Relapse Prevention: A Practical Approach

Relapse Prevention: A Practical Approach

One of the first things that we “learn” when we either enter treatment, or become active in local 12-step groups, is that if we begin to feel the urge or impulse to use drugs or alcohol, we must call our sponsor or someone else in recovery. On the surface this seems like sound advice, and assuming that addicts in early recovery who begin to feel the urge to relapse will actually take this step, it is undoubtedly an effective one. The problem with this assumption, however, is that the newly sober addict has the capacity to fight off their impulses and subsequently make a rational decision. When we look at that particular scenario, we easily remember that impulsivity and the desire to feel better now is the dominant force that is orienting the addicted individual. While this advice may work more often with someone who has more familiarity with recovery and relapse, it should not be expected that this is the only reasonable strategy for preventing relapse.

It seems that the most effective way we can work to prevent relapse is to work to establish a life that we would not want to lose should we give into our impulses. If we are able to make amends and rebuild important relationships, foster new connections with people in sobriety, reintegrate ourselves into working part-time so that we can focus on our program, and experience reinvigoration by picking up an old hobby or interest, we are able to better fortify ourselves against the prospect of immediate gratification over long term contentment. We can also adopt mindfulness as a practical strategy to begin to really understand how our thoughts can either help us to pinpoint knowledge and insights or can be a destructive force that overwhelms us with feelings of shame and low self-worth. Again, however, we run into the very real issue of accountability and support. Once we have left the treatment facility, we have gone from having several means of professional support and guidance to none at all.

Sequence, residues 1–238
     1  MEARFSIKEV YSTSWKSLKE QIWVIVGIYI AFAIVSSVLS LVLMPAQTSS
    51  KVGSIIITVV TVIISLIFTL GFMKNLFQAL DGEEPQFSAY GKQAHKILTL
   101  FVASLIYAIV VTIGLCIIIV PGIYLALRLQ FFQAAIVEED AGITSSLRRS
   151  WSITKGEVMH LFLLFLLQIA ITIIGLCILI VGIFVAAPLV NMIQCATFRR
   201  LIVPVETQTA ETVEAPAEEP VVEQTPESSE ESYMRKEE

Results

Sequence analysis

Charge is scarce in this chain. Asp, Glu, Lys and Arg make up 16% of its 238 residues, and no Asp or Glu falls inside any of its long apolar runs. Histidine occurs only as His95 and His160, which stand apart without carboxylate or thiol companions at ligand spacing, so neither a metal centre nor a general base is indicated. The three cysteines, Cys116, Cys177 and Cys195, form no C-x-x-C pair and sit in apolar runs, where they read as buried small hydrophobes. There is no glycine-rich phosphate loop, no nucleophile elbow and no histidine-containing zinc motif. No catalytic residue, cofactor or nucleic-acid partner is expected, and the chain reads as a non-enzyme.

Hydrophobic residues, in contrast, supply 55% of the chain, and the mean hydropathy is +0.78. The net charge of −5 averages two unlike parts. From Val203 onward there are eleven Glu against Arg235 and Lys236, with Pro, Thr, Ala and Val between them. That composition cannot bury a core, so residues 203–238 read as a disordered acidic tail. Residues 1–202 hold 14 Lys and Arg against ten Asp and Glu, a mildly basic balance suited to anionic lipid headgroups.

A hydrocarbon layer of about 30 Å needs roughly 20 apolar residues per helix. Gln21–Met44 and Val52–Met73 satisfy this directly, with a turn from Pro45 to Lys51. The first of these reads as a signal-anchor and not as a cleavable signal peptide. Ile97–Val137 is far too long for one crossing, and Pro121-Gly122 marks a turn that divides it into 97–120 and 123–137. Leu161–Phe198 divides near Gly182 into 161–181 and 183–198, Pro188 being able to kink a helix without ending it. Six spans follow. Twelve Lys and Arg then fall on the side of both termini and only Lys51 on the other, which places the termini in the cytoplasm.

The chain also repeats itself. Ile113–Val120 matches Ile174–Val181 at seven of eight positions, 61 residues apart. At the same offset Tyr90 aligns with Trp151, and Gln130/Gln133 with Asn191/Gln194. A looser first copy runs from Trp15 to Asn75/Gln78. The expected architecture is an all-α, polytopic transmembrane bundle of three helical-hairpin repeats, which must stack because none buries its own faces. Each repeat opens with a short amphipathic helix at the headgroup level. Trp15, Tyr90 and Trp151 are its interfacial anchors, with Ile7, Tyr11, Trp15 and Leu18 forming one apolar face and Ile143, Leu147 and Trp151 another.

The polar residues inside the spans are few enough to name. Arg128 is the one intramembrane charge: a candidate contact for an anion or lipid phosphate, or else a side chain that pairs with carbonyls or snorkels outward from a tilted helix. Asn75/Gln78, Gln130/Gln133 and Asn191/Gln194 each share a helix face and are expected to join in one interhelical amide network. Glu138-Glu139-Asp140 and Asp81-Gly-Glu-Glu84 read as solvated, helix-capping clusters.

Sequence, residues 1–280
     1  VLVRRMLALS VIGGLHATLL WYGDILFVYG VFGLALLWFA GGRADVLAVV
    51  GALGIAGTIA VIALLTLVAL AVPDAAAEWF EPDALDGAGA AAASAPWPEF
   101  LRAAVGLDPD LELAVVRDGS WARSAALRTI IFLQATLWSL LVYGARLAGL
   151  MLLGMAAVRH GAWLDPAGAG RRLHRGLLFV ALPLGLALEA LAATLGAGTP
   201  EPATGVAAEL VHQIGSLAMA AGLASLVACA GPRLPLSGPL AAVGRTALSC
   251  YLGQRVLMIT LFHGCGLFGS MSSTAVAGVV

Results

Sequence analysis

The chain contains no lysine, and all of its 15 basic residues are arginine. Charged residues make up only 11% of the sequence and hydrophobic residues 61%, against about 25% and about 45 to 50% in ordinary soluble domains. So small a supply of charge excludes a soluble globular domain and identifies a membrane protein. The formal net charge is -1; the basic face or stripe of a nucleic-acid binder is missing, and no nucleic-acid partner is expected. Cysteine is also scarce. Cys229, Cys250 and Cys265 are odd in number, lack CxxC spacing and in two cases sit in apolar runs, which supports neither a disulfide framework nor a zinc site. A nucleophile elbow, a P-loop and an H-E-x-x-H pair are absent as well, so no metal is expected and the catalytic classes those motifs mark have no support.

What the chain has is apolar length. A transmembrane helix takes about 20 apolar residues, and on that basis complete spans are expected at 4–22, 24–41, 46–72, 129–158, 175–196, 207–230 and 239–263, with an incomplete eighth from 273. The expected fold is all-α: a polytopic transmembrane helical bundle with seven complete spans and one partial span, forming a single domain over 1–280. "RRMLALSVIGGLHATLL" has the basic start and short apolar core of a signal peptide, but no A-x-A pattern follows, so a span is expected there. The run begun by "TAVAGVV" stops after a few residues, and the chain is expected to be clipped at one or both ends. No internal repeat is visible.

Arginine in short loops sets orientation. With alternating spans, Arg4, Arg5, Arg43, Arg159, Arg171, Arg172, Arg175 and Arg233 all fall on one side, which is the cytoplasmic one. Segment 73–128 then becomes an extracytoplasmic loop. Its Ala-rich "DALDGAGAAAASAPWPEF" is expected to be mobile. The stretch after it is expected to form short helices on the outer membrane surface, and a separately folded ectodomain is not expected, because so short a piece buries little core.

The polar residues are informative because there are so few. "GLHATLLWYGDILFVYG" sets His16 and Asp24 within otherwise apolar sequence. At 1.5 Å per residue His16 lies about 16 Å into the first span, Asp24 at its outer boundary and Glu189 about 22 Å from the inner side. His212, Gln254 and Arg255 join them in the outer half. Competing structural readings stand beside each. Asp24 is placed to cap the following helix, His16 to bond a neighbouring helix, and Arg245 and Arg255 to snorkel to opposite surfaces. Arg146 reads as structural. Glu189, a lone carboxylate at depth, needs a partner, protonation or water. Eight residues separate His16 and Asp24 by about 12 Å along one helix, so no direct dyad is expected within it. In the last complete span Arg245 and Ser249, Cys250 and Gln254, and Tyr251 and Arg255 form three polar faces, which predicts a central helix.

This is another problem area that Hired Power has identified a solution for. Facing the problem of relapse in early recovery, Hired Power makes professionals of different varieties available in order to meet the individual and unique needs of all their clients. They provide Personal Recovery Assistants to aid in the day to day, continuing care managers to help aid with legal, occupational, and therapeutic matters, and even provide a safe rides program which provides transportation and support from addiction professionals in order to meet the idiosyncratic needs of all people they serve.

At Hired Power, we know firsthand what it takes to stay sober and maintain recovery. We can help you achieve lasting sobriety and find the freedom that comes with recovery. Call us today: (714) 559-3919.